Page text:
The “operation” dimension involves the actions or methods that affect the public health improvement through engaging communities. The relevant issues in this cluster included the keywords: qualitative, risk assessment, vaccine, sanitation, general practitioner, prevention science research, extending collaboration, collaboration practice, community research fellows training, and new deal. These keywords specify the main measures or methods of CEPH. That is, engaging communities currently emphasizes cooperation, focuses on prevention, and employs qualitative research methods. General practitioners are still the core suppliers of health service. Sanitation and vaccine are regarded as two cardinal strategies to offer basic living services for people and prevent the spread of the epidemic.61 While collaboration is increasingly highlighted in recent years, substantial disruptions in operations have also been reported from the field. The traditional interventions confined to health facilities only offered faint glimmers without implementation within communities. Big challenges exists to build ability to accurately grasp the complex place-and-time-specific contexts inter-coupling with contemporary public health emergence.62 How community engagement could be designed properly and implemented through effective ways is the guarantee to lead public health on track to reach the goal.
The “outcome” dimension reflects the results or effects of community engagement on public health. Significant studies were crowned with achievements in chronic disease, behavioral health problem, prevalence, Malaria, and Ebola. This dimension is the tangible performance evaluation of CEPH due to specific issues. Involving infectious, chronic and mental disease, public health has a broadening scope related to everyone. Engaging community for public health can be considered to be both conceptually distinct but also practically purposeful in its effects. It could not only fight against epidemics in a collaborative manner, but also alleviate psychological disorder (e.g. depression, PTSD) and build interpersonal trust. For chronic diseases, communities might be the gatekeeper, which is responsible for outpatient follow-up and medication guidance for their ill members, and actively conduct interventions to reduce the rate of injury, disability, and mortality of chronic diseases, then improve health status and quality of life.15 Since results-based evaluation is an incentive assessment of a planned, ongoing, or completed intervention, the focuses of final outcome stemmed from CEPH would ensure its relevance, efficiency, effectiveness, impact, and sustainability. Despite of great progresses, large gaps still exist in the current practice. The lack of systemic design leads to a fragmented situation that various departments independently operate in their own ways. This discordance often brings about duplication of efforts, an exercise in futility, and even a backfire. Inverse care law furtherly distorts the allocation of resources and services resulting in the acute shortage of coverage in the regions that urgently need healthcare on the ground.11,63 Formal and informal institutions are not unanimous proponents of the recognition that there is no public health without community supporting.24,64 Community engagement mechanism is not mature enough when citizens’ rights of participation and supervision are not guaranteed.65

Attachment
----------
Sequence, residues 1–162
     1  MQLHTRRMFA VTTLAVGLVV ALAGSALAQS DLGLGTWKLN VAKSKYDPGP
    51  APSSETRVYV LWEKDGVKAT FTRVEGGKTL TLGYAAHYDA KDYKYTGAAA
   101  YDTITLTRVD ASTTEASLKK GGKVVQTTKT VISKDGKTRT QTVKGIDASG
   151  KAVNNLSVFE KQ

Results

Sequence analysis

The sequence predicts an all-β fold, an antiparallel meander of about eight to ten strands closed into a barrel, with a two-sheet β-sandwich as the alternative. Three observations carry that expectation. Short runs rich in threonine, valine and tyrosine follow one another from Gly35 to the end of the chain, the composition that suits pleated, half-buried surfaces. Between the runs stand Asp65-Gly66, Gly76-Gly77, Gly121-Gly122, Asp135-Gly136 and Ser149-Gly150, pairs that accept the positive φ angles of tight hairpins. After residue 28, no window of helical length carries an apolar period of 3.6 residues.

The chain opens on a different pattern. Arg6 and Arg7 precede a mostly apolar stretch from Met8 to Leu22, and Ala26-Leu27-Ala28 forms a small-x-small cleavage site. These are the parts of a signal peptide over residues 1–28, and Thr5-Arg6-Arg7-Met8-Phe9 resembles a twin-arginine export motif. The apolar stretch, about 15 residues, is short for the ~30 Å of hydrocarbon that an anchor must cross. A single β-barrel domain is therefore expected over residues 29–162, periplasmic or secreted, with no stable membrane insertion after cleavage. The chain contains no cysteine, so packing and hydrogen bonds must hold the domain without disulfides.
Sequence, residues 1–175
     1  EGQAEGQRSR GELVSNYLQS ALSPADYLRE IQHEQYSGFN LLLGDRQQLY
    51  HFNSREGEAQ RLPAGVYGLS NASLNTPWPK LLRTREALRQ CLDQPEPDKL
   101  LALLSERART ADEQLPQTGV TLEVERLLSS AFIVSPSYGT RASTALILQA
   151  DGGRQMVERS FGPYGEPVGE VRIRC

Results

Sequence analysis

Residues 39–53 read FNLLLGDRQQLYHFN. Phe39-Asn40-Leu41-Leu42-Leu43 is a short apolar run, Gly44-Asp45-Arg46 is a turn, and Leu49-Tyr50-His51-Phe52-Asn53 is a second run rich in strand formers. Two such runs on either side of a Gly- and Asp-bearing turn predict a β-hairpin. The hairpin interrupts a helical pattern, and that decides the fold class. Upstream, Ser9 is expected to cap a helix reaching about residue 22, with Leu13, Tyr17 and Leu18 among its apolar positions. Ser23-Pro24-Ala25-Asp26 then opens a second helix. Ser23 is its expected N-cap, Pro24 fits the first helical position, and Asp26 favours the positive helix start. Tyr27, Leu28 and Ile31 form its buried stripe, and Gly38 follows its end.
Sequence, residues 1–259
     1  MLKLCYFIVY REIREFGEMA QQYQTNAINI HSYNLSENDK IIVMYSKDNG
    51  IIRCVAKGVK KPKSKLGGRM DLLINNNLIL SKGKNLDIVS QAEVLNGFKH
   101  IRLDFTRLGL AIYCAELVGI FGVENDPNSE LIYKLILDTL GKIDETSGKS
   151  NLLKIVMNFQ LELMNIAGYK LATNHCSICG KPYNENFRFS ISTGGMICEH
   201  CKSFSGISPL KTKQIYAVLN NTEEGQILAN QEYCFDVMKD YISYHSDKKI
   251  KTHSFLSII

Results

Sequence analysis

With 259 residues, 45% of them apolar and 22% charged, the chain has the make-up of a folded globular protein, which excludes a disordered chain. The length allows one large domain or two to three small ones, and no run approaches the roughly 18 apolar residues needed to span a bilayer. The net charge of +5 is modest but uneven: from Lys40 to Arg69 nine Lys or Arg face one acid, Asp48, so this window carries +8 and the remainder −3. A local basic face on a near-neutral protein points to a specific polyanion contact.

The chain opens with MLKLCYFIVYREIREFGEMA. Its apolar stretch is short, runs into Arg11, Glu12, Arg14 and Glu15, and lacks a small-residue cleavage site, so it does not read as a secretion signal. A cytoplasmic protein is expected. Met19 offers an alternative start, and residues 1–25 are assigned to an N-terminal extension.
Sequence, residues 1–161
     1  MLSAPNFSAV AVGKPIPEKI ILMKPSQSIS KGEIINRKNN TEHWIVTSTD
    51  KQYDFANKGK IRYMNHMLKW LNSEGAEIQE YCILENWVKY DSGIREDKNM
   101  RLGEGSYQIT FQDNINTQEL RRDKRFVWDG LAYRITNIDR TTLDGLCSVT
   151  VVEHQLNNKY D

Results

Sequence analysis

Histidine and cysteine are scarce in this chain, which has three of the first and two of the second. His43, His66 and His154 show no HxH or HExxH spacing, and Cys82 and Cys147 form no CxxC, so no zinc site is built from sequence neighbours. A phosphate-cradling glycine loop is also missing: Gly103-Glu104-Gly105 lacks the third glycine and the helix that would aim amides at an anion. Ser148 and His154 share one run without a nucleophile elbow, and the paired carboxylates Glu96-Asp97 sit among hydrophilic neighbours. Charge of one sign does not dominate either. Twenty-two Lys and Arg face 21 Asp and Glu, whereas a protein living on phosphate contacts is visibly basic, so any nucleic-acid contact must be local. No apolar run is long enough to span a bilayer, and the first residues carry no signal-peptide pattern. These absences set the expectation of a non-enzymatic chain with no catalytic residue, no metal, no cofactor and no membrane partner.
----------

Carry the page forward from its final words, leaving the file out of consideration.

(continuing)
To show the longitudinal patterns related to the 4O dimensions, a quantitative visualization based on the annual number of publication belonged to each dimension is given in Fig.9. The results are familiar with the findings of burst analysis. In the first half of the time, the distribution of 4O is uniform. As people began to focus on to the level of healthcare, scholars are encouraged to pay more attention to new techniques, methods or applications responding to the emerging public health problems. Object and outcome dimensions are evenly consistent. On the contrary, the orientation dimension has the least amount of published articles due to its abstract characteristics. The advancements in orientation would have a bearing on foundations of CEPH.